Grand Hotel Des Etrangers
Presently under renovation on the beloved island of Ortigia, Siracusa’s historic center, is the Grand Hotel Des Etrangers, a one-time stop for those on Europe’s famed Grand Tour. Ortigia is among the earliest of Greek settlements in Sicily. It dates from 730 BC and is one of Sicily’s most charming places full of narrow alleys, a lungomare, and shops full of artisans. Des Etrangers was built in 1830 in Neoclassical and Liberty style in a perfect location. It overlooks the Fonte Aretusa, a natural spring fountain where papyrus grows, rare in Europe, and beyond it lies the magnificent sea. According to Virgil, Aretusa inspired bucolic poetry. Many have waxed poetic about this tiny island. This legendary hotel has a rooftop bar and restaurant offering stunning views of the sea. The common areas are spacious leading to a very updated spa. The bedrooms are large and sleek, with calming colors and classical décor, illuminated by natural sunlight. With its high vaulted ceilings and timeless elegance, Des Etrangers is expected to re-open later this year. Its extensive restoration will create Ortigia’s second 5-star property, situated on the opposite side of the island from the other, Ortea Palace.
Over the span of ten years, I watched the restoration of Siracusa’s old post office, an imposing building near the port of Ortigia and the market area, now called Ortea Palace. Driving up to the main entrance, valet parking welcomes you, a rarity in Sicily, and staff is on hand to make arrival smooth and easy. While checking in, you can admire Sicilian ceramics of a high order, indicating the high-style and characteristic approach to this hotel. Originally built in the 1920s, the ambience of that time is captured perfectly in the new lobby that combines a high glass ceiling flooding natural light over the patterned marble floor. Sturdy columns and Greek busts on the surrounding walls remind you of the area’s history. Papyrus plants add some local greenery. Near the glowing marble bar in the dim light of evening, cocktails will transport you to the roaring 20’s, an era of long pearls and bobbed hair.
Among the 75 rooms are many different types, all with marbled floors, white bathrooms and crisp embroidered linens. Duplexes make use of big glass windows to let in the glorious light and offer views from all angles. The spa meanders off of the lobby area and is quite large. The offerings run the gamut of specialized treatments. The staff at Ortea Palace is welcoming and helpful in the warmest of ways, making a visit there very comfortable amidst the luxury.
Il San Corrado di Noto
A little further south is the town of Noto, that these days has become a must see and stay location. It is an immensely charming town adorned with Baroque balconies and laden with excellent food options. It is also well situated for day trips in the southeast, for visiting towns like Ragusa, Modica, Scicli, and all the haunts of Inspector Motalbano. Two new hotels have come to the area and one is quite 5-star. Il San Corrado di Noto, a Relais & Chateaux property is nestled between Noto and Rosolini. Every detail was considered in rebuilding the residence that once belonged to Prince Nicolaci, and he would be proud. The discerning traveler will find much to approve of. The villas and suites here blend nods to Baroque history and modern comforts, among sprawling, stunning grounds. The ambience is august and almost reverential. There are two swimming pools, one is heated and based on a Greek and Roman design for athletic training, but if you prefer the beach, you can shuttle over to the lido and enjoy a quiet lounge under the umbrella. Tennis courts, yoga instructors and high-tech gym equipment are all to be found on the property, which is manicured-Mediterranean, full of floral displays and palm trees. The lawns, long pathways and many unique areas make the large property seem more quietly intimate. When you work up an appetite, Ragusa’s 2-star Michelin Chef, Ciccio Sultano, is in the kitchen and aims to please with his inspired interpretations of the island’s specialties.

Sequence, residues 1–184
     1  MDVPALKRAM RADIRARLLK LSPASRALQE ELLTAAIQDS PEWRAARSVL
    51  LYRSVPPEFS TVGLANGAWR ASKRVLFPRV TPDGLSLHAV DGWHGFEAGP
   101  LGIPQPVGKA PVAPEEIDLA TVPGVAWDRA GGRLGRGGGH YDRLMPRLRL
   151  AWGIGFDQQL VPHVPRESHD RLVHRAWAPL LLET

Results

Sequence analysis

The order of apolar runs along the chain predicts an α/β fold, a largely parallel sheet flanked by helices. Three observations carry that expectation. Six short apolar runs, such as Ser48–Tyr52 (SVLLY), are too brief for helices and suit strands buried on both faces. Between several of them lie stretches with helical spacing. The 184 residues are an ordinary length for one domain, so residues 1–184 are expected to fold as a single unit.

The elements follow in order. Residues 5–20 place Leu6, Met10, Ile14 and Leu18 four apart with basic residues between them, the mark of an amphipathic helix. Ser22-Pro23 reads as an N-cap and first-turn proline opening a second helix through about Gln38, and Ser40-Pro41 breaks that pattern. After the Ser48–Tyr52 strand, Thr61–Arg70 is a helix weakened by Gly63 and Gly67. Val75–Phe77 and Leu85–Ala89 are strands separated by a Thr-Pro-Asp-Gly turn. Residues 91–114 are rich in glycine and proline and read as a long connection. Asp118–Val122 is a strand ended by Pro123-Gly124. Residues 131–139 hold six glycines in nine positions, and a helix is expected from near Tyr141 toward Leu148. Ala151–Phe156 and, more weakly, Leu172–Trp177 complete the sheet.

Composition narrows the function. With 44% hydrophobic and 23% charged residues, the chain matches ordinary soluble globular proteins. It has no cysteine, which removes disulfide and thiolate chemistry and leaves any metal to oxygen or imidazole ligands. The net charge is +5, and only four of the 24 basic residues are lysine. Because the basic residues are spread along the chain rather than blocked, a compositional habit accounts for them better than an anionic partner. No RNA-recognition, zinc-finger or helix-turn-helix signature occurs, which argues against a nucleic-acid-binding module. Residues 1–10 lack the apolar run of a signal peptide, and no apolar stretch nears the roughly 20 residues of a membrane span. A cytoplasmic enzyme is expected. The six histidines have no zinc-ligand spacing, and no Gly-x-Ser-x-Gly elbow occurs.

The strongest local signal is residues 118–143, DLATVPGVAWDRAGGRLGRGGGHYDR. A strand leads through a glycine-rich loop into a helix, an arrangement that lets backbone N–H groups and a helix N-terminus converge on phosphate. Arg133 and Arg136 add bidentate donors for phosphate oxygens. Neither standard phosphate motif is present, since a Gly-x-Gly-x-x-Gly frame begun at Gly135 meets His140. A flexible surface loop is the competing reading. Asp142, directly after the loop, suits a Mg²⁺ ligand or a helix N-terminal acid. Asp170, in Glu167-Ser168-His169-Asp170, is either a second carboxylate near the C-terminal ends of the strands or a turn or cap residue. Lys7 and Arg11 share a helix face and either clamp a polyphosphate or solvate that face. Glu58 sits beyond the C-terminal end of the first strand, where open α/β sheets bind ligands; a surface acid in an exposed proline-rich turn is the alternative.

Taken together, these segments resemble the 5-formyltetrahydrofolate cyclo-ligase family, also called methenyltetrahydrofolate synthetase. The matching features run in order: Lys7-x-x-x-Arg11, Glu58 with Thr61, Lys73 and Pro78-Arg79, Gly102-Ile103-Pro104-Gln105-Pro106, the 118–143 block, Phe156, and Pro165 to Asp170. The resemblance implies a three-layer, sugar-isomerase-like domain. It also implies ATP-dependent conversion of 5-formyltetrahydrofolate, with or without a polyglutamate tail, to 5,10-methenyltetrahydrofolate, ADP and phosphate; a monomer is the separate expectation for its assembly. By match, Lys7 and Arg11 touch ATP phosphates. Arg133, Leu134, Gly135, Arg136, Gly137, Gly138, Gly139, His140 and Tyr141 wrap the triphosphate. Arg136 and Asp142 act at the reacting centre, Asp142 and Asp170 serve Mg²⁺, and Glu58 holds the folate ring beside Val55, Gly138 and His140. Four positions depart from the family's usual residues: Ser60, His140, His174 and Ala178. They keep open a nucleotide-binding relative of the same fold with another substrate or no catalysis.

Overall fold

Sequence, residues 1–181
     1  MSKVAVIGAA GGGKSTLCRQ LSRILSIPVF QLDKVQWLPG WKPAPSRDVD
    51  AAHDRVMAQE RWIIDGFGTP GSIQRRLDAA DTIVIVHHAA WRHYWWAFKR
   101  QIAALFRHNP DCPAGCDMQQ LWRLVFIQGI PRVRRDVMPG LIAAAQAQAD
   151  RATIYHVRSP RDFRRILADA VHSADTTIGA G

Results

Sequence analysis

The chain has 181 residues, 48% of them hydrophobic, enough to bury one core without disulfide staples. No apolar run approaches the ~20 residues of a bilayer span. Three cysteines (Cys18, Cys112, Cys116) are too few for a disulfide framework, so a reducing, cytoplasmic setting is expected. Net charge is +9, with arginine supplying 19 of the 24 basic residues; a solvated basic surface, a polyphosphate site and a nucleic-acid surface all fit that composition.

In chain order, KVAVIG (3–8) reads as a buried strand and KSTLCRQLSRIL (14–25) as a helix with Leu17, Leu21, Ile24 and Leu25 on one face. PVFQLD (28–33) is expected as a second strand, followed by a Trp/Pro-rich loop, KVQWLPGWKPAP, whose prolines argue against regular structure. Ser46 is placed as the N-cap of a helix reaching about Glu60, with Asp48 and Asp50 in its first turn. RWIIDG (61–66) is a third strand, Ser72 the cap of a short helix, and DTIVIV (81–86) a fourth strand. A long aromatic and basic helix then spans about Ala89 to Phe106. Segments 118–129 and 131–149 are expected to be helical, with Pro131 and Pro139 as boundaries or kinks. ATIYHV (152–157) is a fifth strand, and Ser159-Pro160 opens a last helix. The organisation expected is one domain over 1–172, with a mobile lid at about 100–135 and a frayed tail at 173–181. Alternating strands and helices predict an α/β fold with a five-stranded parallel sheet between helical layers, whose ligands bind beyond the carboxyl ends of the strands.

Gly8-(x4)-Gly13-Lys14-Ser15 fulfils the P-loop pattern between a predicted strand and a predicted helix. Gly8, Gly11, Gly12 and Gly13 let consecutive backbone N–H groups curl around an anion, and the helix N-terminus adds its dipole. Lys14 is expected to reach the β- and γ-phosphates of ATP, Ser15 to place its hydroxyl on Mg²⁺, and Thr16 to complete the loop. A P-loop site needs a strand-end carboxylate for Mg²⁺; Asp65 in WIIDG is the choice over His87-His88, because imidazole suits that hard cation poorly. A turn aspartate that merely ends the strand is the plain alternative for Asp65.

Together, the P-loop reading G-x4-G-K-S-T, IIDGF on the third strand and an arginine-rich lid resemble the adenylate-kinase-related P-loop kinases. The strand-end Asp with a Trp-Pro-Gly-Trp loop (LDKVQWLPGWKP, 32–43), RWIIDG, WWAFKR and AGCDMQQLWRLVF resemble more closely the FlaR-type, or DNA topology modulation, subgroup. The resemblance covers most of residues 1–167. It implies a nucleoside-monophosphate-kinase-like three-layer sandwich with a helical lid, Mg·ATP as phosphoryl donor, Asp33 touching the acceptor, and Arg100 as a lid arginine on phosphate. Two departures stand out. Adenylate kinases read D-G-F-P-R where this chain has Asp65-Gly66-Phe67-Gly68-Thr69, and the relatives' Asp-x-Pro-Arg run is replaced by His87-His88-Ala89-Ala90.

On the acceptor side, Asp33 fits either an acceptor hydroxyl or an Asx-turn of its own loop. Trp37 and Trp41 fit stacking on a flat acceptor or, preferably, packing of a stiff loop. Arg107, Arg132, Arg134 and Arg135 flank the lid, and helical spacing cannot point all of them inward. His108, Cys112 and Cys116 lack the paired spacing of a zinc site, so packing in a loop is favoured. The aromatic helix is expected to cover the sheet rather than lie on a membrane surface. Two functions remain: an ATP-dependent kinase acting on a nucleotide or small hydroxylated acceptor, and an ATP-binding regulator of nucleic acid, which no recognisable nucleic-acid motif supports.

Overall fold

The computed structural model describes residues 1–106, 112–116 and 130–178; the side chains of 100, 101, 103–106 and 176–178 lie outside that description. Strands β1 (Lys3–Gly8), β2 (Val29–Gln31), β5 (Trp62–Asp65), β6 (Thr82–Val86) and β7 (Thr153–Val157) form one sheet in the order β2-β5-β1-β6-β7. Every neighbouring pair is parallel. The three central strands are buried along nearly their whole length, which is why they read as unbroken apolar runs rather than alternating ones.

Nothing was spared in the making of this hotel and it is most alluring and appealing.
Across the island near Selinunte, the largest of Sicily’s archeological parks, is the recently opened Momentum Welcome Bio Resort. This area of Sicily is yet overlooked by most tourists, but as the east side of the island becomes full of travelers, people are heading to discover the west. The location is perfect for day trips to visit the coastal town of Sciacca known for its ceramics, Mazara del Vallo, local beaches, wineries, and olive oil producers. It is a welcome new hotel that offers low-key luxury in a rural, quietly serene setting. Sculptures from local artists grace the bar, next to the restaurant that flows onto the tree covered courtyard. The food here is Km0, hyper-local and well prepared. The rooms are ample in size, with understated attention to detail, inviting calm. An infinity pool overlooks the expansive landscape, and a late day swim will reward you with a beautiful sunset. Offering tennis, yoga, and in the right season, a chance to participate in the olive harvest, you could do more than just sleep here. There is also a gym and spa with a Turkish bath, sauna and a massage area, hidden next to the interior courtyard where the pomegranates grow. You’ll be a little off-the-beaten-path here, but relaxed, well-nourished and happy.
The bottom line is that you no longer have to go to Taormina to find accommodations and restaurants of very high quality. This selection speaks only about the newer properties. It’s just the tip of the